The dynamic nature of the composites industry has conditioned us to expect relatively large leaps in technological advancement. New material forms like bi-angle reinforcement and processing advancements in everything from RTM to automated tape laying are par for the course as we look for ways to make composite structures more durable and manufacturable.
Because of this, it’s easy to overlook incremental improvements in established technologies, processes and materials. This was the message from Mike Thaman, chairman of the board and CEO of Owens Corning (Toledo, Ohio), this week at COMPOSITES 2013 in Orland, Fla., during a sit-down interview with CompositesWorld (CW).
Thaman noted that Owens Corning has spent much of the last few years building out and firming up its manufacturing operations around the world. Now, he says, the company is focusing its efforts on markets and products. But not just products that help expand composites’ capabilities, but products that make existing technologies and materials easier to use and apply. “We are always looking to move the industry forward,” he told CW. “But we also see opportunity in making existing technologies perform more effectively.”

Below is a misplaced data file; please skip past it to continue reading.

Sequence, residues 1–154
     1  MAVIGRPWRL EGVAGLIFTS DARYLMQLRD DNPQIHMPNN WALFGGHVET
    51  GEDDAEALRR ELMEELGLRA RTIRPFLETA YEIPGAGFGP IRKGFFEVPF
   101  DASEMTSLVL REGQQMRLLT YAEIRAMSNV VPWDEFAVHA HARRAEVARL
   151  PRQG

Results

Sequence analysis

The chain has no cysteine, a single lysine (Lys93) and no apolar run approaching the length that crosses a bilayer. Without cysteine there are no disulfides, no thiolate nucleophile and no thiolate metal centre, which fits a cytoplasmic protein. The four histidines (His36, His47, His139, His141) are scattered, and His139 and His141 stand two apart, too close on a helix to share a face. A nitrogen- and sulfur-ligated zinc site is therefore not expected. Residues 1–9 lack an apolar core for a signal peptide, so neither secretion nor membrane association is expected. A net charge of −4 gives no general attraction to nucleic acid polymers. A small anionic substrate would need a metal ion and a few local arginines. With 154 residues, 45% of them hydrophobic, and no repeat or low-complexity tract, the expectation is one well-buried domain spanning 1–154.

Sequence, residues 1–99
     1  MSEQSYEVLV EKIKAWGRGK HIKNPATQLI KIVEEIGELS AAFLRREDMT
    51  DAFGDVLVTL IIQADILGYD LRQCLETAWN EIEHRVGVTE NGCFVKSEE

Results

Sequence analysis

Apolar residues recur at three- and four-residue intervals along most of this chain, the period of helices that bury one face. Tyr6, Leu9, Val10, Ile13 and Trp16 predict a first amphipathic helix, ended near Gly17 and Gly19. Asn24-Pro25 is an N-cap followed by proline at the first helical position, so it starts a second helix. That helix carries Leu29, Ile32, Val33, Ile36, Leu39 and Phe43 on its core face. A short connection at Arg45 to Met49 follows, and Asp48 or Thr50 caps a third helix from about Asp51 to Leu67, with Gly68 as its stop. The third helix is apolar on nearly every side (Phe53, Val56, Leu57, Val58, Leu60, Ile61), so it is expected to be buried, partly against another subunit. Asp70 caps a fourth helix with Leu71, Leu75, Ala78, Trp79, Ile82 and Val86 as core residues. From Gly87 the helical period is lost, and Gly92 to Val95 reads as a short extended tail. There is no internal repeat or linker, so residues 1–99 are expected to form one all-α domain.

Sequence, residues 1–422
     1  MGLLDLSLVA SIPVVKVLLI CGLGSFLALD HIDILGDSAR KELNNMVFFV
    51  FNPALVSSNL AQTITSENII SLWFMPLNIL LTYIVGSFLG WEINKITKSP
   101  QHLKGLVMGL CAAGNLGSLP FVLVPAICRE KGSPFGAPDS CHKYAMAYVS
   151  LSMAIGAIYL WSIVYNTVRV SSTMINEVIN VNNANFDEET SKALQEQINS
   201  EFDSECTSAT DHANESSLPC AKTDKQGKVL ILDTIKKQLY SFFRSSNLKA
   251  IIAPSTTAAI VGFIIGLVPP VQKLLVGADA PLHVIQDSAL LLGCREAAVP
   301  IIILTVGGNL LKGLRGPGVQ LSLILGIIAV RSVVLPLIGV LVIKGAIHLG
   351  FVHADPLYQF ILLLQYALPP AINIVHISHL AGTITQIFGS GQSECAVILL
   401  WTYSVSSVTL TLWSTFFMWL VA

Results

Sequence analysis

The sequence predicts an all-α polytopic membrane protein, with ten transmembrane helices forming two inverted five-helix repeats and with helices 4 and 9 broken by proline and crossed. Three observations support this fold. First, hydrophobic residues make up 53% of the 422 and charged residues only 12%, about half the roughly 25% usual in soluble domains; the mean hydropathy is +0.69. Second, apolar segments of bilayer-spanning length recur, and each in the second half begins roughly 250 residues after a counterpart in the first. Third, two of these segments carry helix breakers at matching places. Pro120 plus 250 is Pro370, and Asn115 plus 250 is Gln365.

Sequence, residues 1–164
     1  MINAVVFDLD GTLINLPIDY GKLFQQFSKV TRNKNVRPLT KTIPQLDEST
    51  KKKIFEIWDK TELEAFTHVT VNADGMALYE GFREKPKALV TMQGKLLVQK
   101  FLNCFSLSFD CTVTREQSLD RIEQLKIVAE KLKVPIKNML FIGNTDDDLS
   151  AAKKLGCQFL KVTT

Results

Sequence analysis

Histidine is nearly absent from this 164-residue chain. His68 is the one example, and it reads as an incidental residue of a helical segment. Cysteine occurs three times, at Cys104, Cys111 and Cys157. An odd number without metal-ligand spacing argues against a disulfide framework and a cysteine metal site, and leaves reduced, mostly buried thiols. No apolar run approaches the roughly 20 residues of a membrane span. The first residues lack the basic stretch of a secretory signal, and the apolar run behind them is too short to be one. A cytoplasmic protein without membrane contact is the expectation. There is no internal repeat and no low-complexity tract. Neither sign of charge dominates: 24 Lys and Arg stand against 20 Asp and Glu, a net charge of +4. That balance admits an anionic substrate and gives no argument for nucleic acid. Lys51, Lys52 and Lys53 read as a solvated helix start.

This is not idle CEO chit-chat. The fact is that many composites manufacturing processes and systems remain dependent on human interaction and inputs that have changed little over the last decade. Despite calls for material and equipment standardization and automation — to increase consistency, quality and uptime — many composites processes remain ripe for optimization. Thaman noted his company’s improvement in OptiSpray rovings that enable easier and faster open mold sprayup, with faster wet-out with less resin usage.
Automated ply placement, increased automation of infusion systems, automated drilling and better integration of design and manufacturing data are just a few of several processes begging for reduced human intervention and systematic improvement.comments powered by Disqus